Craft Magazine to go purely digital

I’ve long been a fan of CRAFT Magazine, the sister of O’Reilly’s MAKE Magazine.  So I was saddened to receive the following in my inbox this afternoon:

Lately you’ve been telling us something that we’ve found increasingly true: Do-It-Yourself interests – from tech to fashion, science to crafts – are increasingly converging on the web. Our craftzine.com community is thriving. At the same time, print magazines are facing rising production costs and shrinking ad markets. Therefore, it makes less sense for us to publish two separate print magazines in the DIY space. Craft: Volume 10, our Celebration issue, will be the final issue of CRAFT magazine.

This will allow us to offer even more on craftzine.com. If you haven’t been hanging out at craftzine.com, please join us. It’s a wonderful place to find DIY projects, learn techniques, and share ideas.

We’re sorry to see you go before your time, CRAFT! But we’ll keep on enjoying your digital edition as well as your ever-fantastic and inspiring blog. Thanks for ten great issues!

 

Like what you see here?  We hope you’ll consider leaving a comment or subscribing to one of our feeds. Never miss another cool post from EBSQ. Subscribe to EBSQ: Art Meets Blog v2.0 by Email today!

Advertisements

Food for Thought: State of the Biz

This was originally posted in the EBSQ Glass Forum (now viewable by the public!) by resident glass artist Dawn Thompson and I felt it was extremely appropos for Labour Day. If you’d like to weigh in on this conversation you can post a comment  here or respond to Dawn directly in the EBSQ Glass Forum

It’s tough out there folks! What strategies are you employing to compete?

The glass business is certainly not unique in being hard hit by China, but it has definitely been particularly hard hit, along with other labor intensive fine craft. The stained glass lamp business in the US is virtually non-existent, with the exception of repairs. In the span of 5 years, nearly every lamp maker in this country has been put out of business. Cheap Home Depot lighting has taken a product that was once considered to be truly a luxury item and reduced it to trinket trash. Of course the product itself is not trash. It takes hours of painstaking skilled labor and is intrinsically beautiful. But perception is everything. Where once, the customer was willing to pay for that beauty, now they perceive it to be “cheap stuff” and can’t understand why a lamp made by an aritsan, taking many hours and hundreds of dollars in materials, should cost any more than the one at Wal-Mart.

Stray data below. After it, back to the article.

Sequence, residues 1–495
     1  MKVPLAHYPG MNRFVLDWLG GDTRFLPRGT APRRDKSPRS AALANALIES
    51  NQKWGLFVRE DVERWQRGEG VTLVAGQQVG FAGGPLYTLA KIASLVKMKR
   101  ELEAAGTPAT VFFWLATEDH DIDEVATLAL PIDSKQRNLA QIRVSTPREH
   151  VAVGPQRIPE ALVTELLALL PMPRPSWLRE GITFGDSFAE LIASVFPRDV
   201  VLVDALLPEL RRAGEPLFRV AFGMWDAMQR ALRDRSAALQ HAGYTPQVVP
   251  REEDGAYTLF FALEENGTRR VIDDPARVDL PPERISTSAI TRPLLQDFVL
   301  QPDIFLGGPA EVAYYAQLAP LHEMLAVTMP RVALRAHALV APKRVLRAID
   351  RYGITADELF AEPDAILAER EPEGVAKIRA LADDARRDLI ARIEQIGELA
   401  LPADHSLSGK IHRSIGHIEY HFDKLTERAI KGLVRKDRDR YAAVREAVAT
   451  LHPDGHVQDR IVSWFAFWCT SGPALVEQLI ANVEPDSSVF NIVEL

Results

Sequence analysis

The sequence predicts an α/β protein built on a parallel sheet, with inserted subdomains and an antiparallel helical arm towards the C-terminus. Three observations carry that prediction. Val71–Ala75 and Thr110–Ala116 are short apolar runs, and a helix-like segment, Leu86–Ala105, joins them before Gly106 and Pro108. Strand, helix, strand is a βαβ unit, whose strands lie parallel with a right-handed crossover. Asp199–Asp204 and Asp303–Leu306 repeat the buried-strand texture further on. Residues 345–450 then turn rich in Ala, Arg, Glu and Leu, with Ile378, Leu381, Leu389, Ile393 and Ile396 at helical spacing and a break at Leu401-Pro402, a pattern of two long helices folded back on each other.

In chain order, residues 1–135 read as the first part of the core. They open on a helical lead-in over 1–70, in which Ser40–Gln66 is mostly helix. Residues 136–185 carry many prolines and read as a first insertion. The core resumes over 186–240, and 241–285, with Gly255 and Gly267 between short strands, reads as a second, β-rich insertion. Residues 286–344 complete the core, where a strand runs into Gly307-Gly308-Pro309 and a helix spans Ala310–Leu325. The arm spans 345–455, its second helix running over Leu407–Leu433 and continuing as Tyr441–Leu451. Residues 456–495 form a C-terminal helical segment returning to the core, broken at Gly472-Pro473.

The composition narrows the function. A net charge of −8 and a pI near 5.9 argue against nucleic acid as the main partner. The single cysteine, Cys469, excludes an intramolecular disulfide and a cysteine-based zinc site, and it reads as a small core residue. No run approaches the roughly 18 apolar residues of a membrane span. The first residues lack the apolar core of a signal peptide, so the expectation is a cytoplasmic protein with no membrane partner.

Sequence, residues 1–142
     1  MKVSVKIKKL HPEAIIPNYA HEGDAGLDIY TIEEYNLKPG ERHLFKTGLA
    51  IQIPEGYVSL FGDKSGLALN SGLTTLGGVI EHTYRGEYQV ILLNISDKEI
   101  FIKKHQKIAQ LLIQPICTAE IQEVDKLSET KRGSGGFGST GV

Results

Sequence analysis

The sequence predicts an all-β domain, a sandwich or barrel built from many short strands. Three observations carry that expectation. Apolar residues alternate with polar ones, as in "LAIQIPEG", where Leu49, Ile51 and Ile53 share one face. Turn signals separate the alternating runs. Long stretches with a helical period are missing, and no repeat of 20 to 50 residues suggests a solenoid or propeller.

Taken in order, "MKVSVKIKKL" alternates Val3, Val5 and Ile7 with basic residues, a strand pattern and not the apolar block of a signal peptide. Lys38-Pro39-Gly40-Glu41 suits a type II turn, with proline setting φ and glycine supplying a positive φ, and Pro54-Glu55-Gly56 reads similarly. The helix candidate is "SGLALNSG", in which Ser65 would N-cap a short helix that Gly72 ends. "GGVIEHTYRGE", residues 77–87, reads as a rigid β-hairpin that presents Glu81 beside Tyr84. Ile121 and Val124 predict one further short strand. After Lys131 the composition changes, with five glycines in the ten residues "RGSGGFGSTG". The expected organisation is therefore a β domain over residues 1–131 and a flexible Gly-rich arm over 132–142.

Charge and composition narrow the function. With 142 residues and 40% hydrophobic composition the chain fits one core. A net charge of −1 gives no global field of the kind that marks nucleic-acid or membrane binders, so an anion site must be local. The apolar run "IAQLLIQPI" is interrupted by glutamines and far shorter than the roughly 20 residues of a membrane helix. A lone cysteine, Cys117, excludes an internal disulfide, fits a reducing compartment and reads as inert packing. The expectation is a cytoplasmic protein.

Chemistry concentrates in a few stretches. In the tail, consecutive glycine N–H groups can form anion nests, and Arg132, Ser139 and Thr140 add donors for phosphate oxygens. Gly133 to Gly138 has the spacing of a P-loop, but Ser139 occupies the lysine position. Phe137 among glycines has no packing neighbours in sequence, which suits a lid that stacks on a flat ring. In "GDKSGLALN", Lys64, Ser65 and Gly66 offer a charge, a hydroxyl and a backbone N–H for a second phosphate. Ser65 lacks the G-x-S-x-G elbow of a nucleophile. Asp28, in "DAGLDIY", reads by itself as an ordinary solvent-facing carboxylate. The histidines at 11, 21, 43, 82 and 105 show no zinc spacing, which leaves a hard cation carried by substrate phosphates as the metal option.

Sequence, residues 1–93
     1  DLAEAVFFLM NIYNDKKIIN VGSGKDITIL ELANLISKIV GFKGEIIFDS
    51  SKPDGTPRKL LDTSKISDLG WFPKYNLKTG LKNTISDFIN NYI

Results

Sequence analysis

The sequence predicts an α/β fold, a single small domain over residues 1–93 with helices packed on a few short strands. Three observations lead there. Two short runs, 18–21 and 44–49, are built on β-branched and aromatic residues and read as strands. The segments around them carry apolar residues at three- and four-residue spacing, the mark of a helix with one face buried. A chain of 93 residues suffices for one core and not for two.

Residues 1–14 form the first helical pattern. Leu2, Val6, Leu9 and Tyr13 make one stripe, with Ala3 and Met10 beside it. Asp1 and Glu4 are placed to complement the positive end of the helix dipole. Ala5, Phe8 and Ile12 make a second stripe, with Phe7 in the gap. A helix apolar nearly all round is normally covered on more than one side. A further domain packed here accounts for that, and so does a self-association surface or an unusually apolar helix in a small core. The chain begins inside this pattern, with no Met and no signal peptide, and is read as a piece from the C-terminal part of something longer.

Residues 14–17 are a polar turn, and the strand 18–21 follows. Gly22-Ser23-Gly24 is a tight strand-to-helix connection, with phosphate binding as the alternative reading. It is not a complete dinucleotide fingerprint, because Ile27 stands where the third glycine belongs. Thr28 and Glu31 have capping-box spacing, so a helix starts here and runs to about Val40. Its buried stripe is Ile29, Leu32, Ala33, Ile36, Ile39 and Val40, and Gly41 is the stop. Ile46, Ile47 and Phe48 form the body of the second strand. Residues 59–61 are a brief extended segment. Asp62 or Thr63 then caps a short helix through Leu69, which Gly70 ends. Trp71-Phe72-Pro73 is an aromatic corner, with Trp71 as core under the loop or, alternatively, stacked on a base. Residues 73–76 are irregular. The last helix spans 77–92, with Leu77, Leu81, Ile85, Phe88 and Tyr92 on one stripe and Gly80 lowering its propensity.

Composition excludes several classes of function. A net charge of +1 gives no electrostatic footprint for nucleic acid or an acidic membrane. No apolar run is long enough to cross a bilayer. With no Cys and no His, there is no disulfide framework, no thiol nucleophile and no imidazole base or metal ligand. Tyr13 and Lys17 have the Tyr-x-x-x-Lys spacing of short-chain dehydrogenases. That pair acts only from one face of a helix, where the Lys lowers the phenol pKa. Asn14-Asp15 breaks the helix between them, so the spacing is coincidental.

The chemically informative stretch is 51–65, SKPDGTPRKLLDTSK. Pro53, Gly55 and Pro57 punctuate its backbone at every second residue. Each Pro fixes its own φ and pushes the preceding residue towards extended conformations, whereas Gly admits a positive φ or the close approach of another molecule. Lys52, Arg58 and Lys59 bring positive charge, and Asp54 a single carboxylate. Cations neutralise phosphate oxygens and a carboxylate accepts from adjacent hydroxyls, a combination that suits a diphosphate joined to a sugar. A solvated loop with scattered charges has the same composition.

Panels are suffering the same plight. As are garden items, chimes, fused vessels, jewelry…..the list goes on. When I first saw Dianne’s garden stakes and Andrea’s wind chimes on eBay, I had never seen anything like them. And they were fetching good prices for their work. But in the last several years, I’ve seen similar, albeit inferior, products in the aisles at Hobby Lobby. It is a known fact that the Chinese manufacturers’ marketing teams scour the internet to see what labor intensive craft is popular and fetching good prices. Then they copy it and sell it to US marketers for pennies. Their turnaround time is staggering to me. How quickly we have to adapt!

The smaller items suffer less, as time and materials make them more affordable to the consumer, and thankfully, some consumers are still willing to spend on artisan made craft.

Add to that the massive influx of “hobbyist” competition in online sales; those who truly don’t care if they make a profit, or are even paid at all for their work, but are simply subsidizing their hobby material expenses, and the full time artisan is in a real bind.

Are we being phased out? Is there a place for us any more?

I believe there can be, but it calls for hard work and hard choices.

One choice is commission work. I don’t know of any artist that would rather realize someone else’s vision rather than do whatever moves them, but for me, it is a necessity. To get good consistent commissions, you have to develop a whole different set of skills. Patience. Making the client feel special and involved. Educating the consumer. Easy for some, tough for others.

Another tough choice; maximizing the efficiency of your operation. “Elite” materials v. affordable materials. Home studio v. outside studio. Difficult and unique products v. fast, easy and saleable products. More expensive marketing v. legwork and simply “getting your stuff out there”. This requires experimentation and is in constant flux.

Above all, I’ve found that I have to be adaptable. The moment you’ve come up with a fast, inexpensive and unique item, someone will copy it and offer it for less. You have to constantly be changing and stretching.

What are your thoughts? How are you adapting? What are your strategies to compete?

Food for thought for the long weekend!

Peace,
Dawn